in [HP48]

Prev: HP 50g + ROM 2.09
Next: HP calc. Customer Service
From: Scotty on 27 Aug 2006 11:08 On 26 Aug 2006 18:23:43 -0700, "JB" <wjbudd (a)yahoo.com> wrote:>I have a TI voyage 200 that I well satidfied with but I am curious >about the HP50g. If I get an HP 50g, after using the TI v200 >extensively, will I likely be disappointed in the quality of the HP >item or it's performance? Will the HP be similiar to use compared to >the TI or will it be an all new learning curve. I find the >construction quality and performance of the TI to both be flawless. >Will the HP be the same? How about the infamous keyboard problems? Or >major OS bugs? I have never used RPN, so is it necessary? What would >be a simple RPN example? Do you think there is an advantage to having >both calculators? I switched to Voiyage 200 from my 48GX because I wanted a CAS (I didn't know how to use the libs available for the 48GX--now I do). There are some interesting programs available for the V200, and I'll keep it around for that. For example, there's a great Calculus package (Calculus Made Easy)--but it eats up every bit of RAM and I can't have anything else on the calculator to run it--bummer. The larger screen was my real motivation. Plus, the equation writer--I didn't like the speed of the 48GX and the TI really shined there. I didn't even realize that HP had other models (49G, 49G+, etc.) until recently. I bought a 49G+ (late model with good keyboard) and was blown away by the CAS and the speed. Most importantly, I got my RPN back, plus a whole lot of functions that are sadly missing on the TI. As soon as the 50G came out with its serial port, I knew I finally had a 48GX replacement and purchased one immediately. I've not been so happy in a long time. I'm thrilled with this calc (50G). It's a major powerhouse. 2,300+ functions, real variable names, real directory structures, etc. The V200 was a major PITA to type in equations. My fingers would have to travel 2.32 light years to find the EE key. PI was cumbersome and misplaced and I found myself going from the left side of the keyboard to the right side continuously. After 10 hours of computing a day (homework, etc.), it became quite tiresome as I had to reduce 5-6 linear equations by hand using the equation writer. After I got my RPN back, my hands have never been happier. I may be the only one at University with an HP calculator, but I'll bet money that I'll be the one that achieves the solutions first <g>. RIP Voyage 200. You've been replaced by something soooo much better! Cheers, Scott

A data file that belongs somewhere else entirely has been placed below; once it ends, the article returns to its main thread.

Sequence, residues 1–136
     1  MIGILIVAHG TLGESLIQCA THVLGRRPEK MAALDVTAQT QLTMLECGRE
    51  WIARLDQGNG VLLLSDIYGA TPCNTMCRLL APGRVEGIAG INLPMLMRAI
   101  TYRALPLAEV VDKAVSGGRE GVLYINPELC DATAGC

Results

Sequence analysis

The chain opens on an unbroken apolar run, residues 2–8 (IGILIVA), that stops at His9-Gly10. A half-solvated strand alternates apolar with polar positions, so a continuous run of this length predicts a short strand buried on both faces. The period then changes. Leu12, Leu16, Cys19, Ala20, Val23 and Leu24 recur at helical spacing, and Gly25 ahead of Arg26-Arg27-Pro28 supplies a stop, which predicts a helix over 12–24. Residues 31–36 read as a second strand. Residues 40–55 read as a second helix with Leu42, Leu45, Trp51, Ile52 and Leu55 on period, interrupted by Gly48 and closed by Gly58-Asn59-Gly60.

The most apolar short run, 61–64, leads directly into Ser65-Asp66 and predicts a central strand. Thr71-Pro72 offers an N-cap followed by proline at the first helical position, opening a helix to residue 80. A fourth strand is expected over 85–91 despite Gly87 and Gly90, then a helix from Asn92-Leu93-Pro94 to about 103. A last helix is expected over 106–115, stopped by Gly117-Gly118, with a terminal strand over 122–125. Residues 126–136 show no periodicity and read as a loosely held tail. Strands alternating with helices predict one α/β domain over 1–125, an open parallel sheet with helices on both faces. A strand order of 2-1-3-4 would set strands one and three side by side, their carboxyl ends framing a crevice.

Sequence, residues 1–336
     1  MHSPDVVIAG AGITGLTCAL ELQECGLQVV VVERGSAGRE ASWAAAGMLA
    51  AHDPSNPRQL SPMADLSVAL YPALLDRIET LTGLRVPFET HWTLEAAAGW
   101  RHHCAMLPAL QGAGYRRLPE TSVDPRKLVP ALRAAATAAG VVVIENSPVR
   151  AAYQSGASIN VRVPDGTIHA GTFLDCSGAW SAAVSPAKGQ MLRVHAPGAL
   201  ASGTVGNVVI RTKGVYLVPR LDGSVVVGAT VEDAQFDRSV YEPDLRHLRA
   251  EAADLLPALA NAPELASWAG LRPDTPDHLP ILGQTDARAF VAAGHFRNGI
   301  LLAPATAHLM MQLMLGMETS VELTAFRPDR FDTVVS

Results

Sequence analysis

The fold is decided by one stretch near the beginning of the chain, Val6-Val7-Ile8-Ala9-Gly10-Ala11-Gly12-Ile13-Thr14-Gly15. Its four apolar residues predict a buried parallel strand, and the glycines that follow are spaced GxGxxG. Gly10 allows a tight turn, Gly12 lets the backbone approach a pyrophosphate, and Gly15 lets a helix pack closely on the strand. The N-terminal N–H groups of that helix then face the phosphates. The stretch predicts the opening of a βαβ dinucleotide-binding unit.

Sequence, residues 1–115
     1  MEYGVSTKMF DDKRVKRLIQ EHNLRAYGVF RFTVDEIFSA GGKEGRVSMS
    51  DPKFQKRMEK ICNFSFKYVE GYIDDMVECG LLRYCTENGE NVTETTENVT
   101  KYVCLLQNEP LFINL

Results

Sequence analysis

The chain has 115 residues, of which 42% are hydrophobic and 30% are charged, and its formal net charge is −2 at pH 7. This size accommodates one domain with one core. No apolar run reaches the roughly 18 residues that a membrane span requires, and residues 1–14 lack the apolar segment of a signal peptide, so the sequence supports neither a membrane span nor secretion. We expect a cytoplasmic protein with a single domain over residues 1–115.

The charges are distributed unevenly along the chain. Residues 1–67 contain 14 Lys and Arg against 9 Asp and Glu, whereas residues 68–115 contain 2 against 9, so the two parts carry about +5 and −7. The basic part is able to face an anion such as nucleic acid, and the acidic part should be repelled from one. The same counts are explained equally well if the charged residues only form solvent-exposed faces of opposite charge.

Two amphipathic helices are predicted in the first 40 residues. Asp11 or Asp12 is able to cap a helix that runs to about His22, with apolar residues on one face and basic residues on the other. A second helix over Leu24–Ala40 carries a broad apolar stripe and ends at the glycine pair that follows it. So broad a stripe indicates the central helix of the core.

From: JB on 27 Aug 2006 12:00 Zeno wrote: > In article <1156641823.419972.220970 (a)b28g2000cwb.googlegroups.com>, JB> <wjbudd (a)yahoo.com> wrote:> > > I have a TI voyage 200 that I well satidfied with but I am curious > > about the HP50g. If I get an HP 50g, after using the TI v200 > > extensively, will I likely be disappointed in the quality of the HP > > item or it's performance? Will the HP be similiar to use compared to > > the TI or will it be an all new learning curve. I find the > > construction quality and performance of the TI to both be flawless. > > Will the HP be the same? How about the infamous keyboard problems? Or > > major OS bugs? I have never used RPN, so is it necessary? What would > > be a simple RPN example? Do you think there is an advantage to having > > both calculators? > > > The HP cals are much more accurate when compuitng Trig functions. > > An example, is to computer the SIN of exactly 3.141592654 (NOT Pi, but > the just given rounding of it) radians....the HPs get the correct > answer to 12 significant digits, while all other brand do not even come > close in accuracy. > > The correct answer is > -4.10206761537 E-10 > which only HPs give. What sort of application would require such accuracy ?